Then there is the kitchen in your office. Researchers say there are 500 forms of bacteria that can travel to 50 percent of your office in just four hours, according to Healthline.com.

Then there is Faith Durand, a writer for the blog, thekitchn.com. She invited a health inspector to go through her kitchen and rate it.

While you don’t need to meet the same standards as a restaurant kitchen that serves the public, that doesn’t mean your kitchen is risk-free. Use bleach, toss out your sponges and be careful with chicken and other raw meat and you should be fine. It’s also probably a good idea to keep a bottle of Pepto-Bismol around the house.

The art of brittle

Brittle, brittle, brittle, brittle … ah, a peanut! John Spalding just didn’t like the brittle he was seeing in the marketplace and since he really loves brittle, and his mom had a great recipe, he decided to make his own. Now the Brittle Brothers in Goodlettsville are booming with a brittle that holds as many nuts as possible. As we head into brittle season, John explains how he makes the brittle and what it has taken to get where he is today.

The Brittle Brothers

The mystery of cashews

In the Brittle podcast, John Spalding told us that cashews don’t grow in America. So, where are they grown?

The Christian Science Monitor says: “The cashew nut—native to Brazil and now grown extensively in Africa, India, and Vietnam—is a readily available kidney-shaped nut popular with eaters all over the world. But, not as well understood, is that a single cashew actually grows out the bottom of a cashew apple, which is about three times the size of the nut. Unlike other nuts, the cashew—which is actually a seed—cannot be bought in a shell, because the cashew’s shell is toxic. Due to this toxicity in the lining of the shell, many Latin Americans and West Indians ate the cashew apple and threw the nut away.”

Biologically, Cashews are related to pistachios, mangos and poison ivy. The poisonous part of the cashew is the same stuff that makes poison ivy “poison” and is also found in the mango plant.

Nutritionally, if you’re watching your weight, you’ll want to limit  your cashew munching. Cashews are high in calories. 100 g of nuts provide 553 calories.

On the plus side, cashews are abundant sources of essential minerals. Manganese, potassium, copper, iron, magnesium, zinc, and selenium are especially concentrated in them. A handful of cashew nuts a day in the diet would provide enough of these minerals and may help prevent deficiency diseases.

Competition barbecue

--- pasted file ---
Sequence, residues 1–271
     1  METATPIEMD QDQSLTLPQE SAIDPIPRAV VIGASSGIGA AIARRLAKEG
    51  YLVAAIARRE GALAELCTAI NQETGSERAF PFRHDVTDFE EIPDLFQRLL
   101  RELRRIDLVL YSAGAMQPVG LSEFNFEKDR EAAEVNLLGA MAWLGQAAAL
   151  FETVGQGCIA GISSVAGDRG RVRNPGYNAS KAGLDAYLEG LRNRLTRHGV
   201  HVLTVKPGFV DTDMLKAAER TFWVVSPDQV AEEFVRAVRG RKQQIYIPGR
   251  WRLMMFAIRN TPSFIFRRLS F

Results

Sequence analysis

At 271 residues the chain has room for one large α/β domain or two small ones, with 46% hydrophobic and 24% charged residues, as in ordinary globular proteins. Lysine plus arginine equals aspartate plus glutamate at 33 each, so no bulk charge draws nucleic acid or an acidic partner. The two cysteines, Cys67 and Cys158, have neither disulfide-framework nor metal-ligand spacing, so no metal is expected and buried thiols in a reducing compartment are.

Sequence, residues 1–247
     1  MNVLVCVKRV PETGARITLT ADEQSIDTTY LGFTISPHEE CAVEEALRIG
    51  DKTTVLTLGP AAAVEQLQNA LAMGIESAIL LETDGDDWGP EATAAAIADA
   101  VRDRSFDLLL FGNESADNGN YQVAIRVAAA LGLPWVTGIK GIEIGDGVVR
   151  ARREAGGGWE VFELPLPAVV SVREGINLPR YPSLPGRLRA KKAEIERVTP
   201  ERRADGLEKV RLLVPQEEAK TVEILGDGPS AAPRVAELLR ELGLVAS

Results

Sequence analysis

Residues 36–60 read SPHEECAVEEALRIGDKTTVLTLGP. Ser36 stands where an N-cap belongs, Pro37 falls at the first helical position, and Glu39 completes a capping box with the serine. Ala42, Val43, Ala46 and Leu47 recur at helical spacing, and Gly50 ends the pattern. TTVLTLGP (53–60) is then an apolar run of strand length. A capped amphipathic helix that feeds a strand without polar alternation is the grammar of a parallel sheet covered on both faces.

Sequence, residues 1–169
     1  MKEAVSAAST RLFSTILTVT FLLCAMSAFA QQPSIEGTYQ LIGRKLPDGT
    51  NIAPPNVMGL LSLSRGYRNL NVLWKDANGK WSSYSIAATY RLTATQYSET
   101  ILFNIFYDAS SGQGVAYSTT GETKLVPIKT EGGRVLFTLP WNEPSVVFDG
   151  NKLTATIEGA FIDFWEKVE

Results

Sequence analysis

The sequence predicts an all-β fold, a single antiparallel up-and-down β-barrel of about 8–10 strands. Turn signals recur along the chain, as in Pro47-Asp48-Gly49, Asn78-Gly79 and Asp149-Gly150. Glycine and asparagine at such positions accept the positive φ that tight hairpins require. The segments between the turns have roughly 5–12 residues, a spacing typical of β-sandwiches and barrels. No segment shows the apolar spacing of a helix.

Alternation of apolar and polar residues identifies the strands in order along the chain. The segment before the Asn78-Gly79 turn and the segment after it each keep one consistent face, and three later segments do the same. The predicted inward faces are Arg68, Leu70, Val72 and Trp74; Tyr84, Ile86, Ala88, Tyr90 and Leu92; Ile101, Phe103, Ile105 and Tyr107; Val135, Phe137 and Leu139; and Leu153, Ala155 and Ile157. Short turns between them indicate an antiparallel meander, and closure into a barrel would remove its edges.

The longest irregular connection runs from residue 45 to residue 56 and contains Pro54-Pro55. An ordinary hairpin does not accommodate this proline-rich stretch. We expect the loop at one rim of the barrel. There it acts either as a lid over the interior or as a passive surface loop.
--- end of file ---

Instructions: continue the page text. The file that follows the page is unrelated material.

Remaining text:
Barbecue is one of the major food groups and people around the country take their barbecue serious. Few are as serious as competition barbecue pit masters who stand to win good money if a group of judges favors their food. In this episode, we talk with the Hot Coles Barbecue Team of Gallatin, TN, and we learn tips of the trade so that you can make your own ‘cue the best in the neighborhood. Read more in the blog on this episode along with the temperatures our guests suggest are right for four types of meat.

Read the blog post that goes with this episode

Kansas City Barbecue Society

Barbecue song

Pig Meat song

There was a LOT of information that came out of the podcast on Competition Barbecue and I’ve more to add here. Let’s start with the cooking temperatures the pros recommended in case you weren’t able to jot them down as you listened.

Chicken – Breast meat should be about 165 and leg or thigh meet to about 185. As always with chicken, make sure the juices running out of the piece are clear to be sure the meat is fully cooked.

Ribs – Because they are so thin, rib temperatures are difficult to gauge. As with other meats, you’re shooting for around 200 to 205, but there are other more reliable tests. One is to prod between the fourth and fifth bone for tenderness. Another test is to pick up the rack (it WILL be hot!) and bend it. If it flexes easily, they are cooked.

Pork butt – The pros say to put it on the smoker for about four hours or until it hits 190 degrees, then wrap it heavily in aluminum foil and let the temperature come up to 200 or 205. There is a saying among barbecue cooks: “I didn’t start winning until I started wrapping.” Wrapping keeps moisture in the meat.